It's time for child care for all - Des services de garde éducatifs pour tous

Quebec’s government-subsidized not-for-profit child care centres (known as “centres de la petite enfance”, or CPEs) were closed down for four days after Thanksgiving when employees took strike action in support of their demands for fair wages. Their union called on the Quebec government to use some of the federal government’s $6 billion child care funding transfer to the province to address the very low wages in the sector which are causing a major shortage of qualified staff.

The provincial government has announced new CPEs and child care spaces across Quebec. Meanwhile, early childhood educators exhausted by the pandemic and under-staffing are calling for better recognition, pay, and working conditions.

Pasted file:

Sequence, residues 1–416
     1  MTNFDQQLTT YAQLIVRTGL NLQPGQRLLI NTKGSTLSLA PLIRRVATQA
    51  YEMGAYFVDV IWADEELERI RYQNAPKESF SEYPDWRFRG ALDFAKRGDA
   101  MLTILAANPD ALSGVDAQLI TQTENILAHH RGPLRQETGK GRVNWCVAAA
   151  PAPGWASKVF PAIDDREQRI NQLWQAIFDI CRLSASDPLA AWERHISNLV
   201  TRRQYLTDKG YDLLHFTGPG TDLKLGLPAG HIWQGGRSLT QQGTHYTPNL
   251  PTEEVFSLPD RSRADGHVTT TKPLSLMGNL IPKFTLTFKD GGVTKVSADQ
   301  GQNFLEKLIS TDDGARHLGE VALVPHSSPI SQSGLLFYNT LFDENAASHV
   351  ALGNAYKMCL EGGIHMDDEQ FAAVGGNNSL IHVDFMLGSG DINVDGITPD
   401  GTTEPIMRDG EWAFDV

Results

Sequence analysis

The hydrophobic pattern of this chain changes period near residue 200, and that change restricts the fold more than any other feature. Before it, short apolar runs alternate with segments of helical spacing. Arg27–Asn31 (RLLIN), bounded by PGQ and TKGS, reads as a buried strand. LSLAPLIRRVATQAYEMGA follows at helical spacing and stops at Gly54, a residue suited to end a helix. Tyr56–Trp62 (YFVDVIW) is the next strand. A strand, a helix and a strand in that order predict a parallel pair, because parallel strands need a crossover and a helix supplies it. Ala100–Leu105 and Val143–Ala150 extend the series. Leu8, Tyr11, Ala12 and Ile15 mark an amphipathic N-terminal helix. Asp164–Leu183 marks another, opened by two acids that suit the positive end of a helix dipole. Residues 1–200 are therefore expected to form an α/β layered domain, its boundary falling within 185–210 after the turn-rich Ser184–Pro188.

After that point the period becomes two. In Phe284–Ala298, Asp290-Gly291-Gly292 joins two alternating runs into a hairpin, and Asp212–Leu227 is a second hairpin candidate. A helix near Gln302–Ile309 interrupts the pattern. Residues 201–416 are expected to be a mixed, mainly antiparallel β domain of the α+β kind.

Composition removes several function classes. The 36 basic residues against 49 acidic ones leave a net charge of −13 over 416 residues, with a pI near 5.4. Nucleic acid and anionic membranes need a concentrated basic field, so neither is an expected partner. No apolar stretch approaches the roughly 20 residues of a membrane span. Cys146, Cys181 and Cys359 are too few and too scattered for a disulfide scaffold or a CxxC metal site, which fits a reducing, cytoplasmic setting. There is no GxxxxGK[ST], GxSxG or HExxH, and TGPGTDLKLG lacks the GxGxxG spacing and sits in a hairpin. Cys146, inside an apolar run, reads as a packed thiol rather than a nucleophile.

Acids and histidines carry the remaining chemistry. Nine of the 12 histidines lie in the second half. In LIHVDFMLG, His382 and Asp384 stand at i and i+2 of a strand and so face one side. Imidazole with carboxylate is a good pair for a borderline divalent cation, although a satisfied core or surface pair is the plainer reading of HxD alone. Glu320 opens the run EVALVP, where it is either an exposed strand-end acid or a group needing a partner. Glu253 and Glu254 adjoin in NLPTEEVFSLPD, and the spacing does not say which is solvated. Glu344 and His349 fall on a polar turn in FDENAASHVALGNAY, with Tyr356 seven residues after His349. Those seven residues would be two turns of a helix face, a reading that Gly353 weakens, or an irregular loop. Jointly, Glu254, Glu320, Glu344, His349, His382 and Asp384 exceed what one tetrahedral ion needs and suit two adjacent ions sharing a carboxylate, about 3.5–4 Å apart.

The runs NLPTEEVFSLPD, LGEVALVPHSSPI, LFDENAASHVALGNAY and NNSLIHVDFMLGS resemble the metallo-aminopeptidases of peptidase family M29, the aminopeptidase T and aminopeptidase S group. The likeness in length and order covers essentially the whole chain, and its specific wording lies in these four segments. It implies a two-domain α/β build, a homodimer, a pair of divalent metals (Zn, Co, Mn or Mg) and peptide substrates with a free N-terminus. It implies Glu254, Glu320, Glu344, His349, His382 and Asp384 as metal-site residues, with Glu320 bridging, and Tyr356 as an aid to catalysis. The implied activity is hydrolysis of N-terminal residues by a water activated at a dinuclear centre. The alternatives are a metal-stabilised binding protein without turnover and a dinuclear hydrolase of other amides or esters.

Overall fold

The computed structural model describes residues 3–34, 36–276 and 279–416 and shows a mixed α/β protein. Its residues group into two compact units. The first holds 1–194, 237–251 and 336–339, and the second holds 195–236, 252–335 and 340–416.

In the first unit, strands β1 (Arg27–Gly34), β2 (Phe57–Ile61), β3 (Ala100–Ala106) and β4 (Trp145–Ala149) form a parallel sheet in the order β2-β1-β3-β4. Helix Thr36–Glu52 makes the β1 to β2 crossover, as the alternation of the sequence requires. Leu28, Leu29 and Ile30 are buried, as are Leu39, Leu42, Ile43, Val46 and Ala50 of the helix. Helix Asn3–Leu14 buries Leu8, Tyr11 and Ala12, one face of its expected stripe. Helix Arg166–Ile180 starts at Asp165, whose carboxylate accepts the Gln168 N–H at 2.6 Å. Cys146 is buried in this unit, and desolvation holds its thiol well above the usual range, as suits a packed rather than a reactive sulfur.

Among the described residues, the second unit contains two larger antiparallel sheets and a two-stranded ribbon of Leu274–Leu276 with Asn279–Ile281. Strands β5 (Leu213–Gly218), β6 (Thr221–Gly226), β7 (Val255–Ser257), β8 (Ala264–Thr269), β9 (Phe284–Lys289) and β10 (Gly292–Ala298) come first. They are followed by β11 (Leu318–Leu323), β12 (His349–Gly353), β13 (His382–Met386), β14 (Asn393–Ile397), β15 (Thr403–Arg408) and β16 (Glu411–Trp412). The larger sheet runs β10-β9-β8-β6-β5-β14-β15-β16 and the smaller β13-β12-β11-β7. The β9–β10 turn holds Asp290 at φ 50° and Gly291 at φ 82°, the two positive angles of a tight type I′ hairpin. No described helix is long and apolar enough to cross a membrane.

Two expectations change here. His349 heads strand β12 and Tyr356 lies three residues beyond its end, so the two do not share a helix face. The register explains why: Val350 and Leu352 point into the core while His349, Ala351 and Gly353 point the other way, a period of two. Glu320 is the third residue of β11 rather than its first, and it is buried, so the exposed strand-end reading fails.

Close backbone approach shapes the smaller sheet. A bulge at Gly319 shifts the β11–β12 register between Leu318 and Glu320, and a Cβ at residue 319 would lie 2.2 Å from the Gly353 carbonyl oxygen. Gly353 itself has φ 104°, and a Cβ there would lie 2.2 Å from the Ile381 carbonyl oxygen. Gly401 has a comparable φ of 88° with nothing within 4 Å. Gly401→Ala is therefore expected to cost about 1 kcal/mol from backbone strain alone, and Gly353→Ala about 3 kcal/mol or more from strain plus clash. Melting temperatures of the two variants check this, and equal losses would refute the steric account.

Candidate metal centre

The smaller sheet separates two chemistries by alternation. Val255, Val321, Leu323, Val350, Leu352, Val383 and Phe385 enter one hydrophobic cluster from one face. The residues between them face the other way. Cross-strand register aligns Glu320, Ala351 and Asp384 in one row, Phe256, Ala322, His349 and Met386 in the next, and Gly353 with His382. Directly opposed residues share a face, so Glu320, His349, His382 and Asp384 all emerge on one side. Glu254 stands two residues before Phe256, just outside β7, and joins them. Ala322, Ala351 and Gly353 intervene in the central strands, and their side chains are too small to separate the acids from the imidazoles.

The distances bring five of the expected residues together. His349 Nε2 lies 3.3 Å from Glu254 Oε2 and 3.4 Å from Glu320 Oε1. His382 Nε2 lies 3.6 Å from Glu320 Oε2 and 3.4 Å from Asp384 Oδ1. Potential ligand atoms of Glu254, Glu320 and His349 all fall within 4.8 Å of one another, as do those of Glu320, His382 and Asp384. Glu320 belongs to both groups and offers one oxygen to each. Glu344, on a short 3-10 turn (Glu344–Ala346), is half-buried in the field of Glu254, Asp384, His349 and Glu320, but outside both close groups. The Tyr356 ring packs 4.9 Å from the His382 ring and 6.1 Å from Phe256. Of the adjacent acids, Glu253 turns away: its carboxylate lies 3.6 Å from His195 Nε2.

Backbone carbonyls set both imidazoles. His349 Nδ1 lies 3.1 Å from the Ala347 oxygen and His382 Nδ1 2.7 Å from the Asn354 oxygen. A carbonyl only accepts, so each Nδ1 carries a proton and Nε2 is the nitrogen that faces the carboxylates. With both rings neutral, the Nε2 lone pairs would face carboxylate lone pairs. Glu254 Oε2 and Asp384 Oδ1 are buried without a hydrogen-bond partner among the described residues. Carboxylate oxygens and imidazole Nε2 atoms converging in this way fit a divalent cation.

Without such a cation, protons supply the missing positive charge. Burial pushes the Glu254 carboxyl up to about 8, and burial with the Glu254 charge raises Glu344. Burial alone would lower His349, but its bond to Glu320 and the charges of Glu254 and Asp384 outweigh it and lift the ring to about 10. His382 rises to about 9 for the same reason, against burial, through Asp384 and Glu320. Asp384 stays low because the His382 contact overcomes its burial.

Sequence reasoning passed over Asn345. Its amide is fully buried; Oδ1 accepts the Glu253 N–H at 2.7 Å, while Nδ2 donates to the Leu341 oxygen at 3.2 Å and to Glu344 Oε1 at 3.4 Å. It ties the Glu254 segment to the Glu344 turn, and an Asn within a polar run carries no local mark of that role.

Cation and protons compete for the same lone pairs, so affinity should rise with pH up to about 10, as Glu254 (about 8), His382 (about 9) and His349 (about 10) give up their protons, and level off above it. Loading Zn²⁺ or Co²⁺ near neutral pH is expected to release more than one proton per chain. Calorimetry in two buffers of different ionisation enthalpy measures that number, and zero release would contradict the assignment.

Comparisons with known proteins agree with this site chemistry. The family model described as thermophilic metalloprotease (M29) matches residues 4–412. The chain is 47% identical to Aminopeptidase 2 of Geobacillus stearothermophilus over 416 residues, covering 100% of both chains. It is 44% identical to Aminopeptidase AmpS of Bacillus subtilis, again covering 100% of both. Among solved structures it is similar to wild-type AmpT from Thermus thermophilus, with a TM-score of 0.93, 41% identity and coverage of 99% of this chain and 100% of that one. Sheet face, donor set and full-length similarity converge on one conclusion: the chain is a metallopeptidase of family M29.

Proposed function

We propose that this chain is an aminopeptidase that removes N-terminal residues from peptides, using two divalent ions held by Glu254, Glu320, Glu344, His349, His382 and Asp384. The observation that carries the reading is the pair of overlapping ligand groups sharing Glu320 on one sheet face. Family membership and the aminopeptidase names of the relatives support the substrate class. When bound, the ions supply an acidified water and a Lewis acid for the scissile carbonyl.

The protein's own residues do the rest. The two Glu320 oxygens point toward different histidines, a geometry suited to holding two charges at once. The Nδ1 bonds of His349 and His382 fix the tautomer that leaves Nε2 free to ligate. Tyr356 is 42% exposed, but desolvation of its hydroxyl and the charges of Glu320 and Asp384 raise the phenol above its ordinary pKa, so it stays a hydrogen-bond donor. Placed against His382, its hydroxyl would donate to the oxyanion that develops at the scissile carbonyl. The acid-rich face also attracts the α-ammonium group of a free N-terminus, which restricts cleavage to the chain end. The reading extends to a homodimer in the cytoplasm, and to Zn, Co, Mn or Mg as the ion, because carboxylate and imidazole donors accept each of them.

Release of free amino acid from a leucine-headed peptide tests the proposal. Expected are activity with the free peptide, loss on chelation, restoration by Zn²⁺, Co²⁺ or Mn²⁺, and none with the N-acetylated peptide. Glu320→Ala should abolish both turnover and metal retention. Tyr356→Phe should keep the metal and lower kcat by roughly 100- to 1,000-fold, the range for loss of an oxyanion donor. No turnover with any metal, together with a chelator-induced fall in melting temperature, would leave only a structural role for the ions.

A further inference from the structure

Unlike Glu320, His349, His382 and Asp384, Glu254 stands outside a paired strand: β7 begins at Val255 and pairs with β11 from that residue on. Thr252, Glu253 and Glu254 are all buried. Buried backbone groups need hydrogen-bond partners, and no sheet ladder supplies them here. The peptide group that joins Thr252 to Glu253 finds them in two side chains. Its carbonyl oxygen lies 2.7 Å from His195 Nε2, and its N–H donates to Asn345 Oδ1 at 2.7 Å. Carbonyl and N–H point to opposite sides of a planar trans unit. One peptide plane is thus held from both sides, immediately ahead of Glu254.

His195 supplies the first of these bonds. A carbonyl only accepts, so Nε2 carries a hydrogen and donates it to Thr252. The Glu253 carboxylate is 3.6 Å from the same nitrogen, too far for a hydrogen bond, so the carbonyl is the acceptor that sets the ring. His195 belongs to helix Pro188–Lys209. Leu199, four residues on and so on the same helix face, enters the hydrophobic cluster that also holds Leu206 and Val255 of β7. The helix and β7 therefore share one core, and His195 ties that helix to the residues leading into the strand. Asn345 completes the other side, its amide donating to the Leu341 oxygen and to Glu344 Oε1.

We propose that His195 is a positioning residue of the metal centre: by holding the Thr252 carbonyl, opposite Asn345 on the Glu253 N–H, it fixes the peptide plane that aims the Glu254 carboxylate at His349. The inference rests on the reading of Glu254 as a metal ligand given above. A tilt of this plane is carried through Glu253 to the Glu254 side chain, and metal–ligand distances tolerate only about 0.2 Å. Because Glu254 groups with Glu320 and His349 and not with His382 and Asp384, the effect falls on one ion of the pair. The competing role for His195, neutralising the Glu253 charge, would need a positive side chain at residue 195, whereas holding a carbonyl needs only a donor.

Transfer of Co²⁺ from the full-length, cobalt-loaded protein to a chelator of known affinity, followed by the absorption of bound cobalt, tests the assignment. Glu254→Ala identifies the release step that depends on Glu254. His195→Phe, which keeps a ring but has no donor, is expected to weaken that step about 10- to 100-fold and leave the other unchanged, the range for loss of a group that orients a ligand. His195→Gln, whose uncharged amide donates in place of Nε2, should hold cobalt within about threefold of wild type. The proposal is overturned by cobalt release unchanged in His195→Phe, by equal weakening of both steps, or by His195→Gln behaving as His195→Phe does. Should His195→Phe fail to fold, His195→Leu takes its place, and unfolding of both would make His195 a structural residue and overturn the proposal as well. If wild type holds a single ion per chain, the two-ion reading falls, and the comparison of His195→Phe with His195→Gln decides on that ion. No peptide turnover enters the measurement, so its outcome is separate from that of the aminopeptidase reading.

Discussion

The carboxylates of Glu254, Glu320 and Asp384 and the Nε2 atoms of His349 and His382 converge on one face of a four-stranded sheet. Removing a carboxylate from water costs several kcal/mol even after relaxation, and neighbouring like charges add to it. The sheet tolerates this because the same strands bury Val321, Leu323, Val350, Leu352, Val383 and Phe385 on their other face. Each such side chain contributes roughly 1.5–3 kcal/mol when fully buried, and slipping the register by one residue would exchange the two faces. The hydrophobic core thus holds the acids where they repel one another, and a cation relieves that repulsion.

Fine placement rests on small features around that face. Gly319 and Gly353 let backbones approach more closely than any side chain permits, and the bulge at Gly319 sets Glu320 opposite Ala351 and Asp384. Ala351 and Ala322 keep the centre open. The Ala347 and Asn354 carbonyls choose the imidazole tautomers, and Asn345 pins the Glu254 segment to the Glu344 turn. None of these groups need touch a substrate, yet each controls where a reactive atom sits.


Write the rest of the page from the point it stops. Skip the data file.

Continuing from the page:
Contract negotiations between unionized child care sector employees, their CPE employers and the provincial government resumed this fall. Child care employees have backed up their demands with a variety of actions, and parents have also been mobilizing for wage increases. For example, parents shared messages of support on social media thanking the educators who make it possible for parents to work. 

In early October home-based child care providers reached a deal with the province that will increase government financial support per child by approximately 30% over 2019 rates. This subsidy is paid directly to the licensed home child care providers and supplements the $8.50/day parent fee. Licensed home child care providers unionized in 2008. 

The unions representing staff at CPEs are demanding better wages for all job classifications in child care centres (qualified, un-qualified and support staff), better support for children with special needs, and they want concerns with mandatory overtime to be addressed. 

Quebec’s child care wage scales reflect the qualifications and years of experience of staff, and the wage rates apply across the province to all non-profit child care settings. The establishment of wage scales is an important requirement set out in the recent federal child care funding agreements signed to date by seven provinces and Yukon Territory.